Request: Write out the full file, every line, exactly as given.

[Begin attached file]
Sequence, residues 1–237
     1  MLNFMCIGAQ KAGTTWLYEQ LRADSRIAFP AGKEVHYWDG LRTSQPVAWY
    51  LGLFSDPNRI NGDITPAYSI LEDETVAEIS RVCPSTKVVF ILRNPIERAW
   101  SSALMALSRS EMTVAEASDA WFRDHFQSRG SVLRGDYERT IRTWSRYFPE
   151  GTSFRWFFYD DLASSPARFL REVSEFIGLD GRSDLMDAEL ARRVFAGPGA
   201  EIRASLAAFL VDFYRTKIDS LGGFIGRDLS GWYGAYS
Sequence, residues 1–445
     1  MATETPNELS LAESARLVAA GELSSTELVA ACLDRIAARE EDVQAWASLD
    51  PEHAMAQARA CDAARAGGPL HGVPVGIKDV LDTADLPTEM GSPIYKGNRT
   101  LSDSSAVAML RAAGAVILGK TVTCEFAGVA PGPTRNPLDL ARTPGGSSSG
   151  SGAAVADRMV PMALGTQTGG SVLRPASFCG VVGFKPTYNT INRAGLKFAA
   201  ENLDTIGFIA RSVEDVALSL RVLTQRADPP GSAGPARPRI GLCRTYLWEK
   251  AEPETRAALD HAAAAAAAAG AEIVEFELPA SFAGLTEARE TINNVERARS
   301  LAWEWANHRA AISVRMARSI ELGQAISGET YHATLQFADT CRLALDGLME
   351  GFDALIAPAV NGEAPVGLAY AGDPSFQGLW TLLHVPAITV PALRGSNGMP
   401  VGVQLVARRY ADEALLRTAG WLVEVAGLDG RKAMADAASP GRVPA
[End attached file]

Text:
Sequence, residues 1–237
     1  MLNFMCIGAQ KAGTTWLYEQ LRADSRIAFP AGKEVHYWDG LRTSQPVAWY
    51  LGLFSDPNRI NGDITPAYSI LEDETVAEIS RVCPSTKVVF ILRNPIERAW
   101  SSALMALSRS EMTVAEASDA WFRDHFQSRG SVLRGDYERT IRTWSRYFPE
   151  GTSFRWFFYD DLASSPARFL REVSEFIGLD GRSDLMDAEL ARRVFAGPGA
   201  EIRASLAAFL VDFYRTKIDS LGGFIGRDLS GWYGAYS
Sequence, residues 1–445
     1  MATETPNELS LAESARLVAA GELSSTELVA ACLDRIAARE EDVQAWASLD
    51  PEHAMAQARA CDAARAGGPL HGVPVGIKDV LDTADLPTEM GSPIYKGNRT
   101  LSDSSAVAML RAAGAVILGK TVTCEFAGVA PGPTRNPLDL ARTPGGSSSG
   151  SGAAVADRMV PMALGTQTGG SVLRPASFCG VVGFKPTYNT INRAGLKFAA
   201  ENLDTIGFIA RSVEDVALSL RVLTQRADPP GSAGPARPRI GLCRTYLWEK
   251  AEPETRAALD HAAAAAAAAG AEIVEFELPA SFAGLTEARE TINNVERARS
   301  LAWEWANHRA AISVRMARSI ELGQAISGET YHATLQFADT CRLALDGLME
   351  GFDALIAPAV NGEAPVGLAY AGDPSFQGLW TLLHVPAITV PALRGSNGMP
   401  VGVQLVARRY ADEALLRTAG WLVEVAGLDG RKAMADAASP GRVPA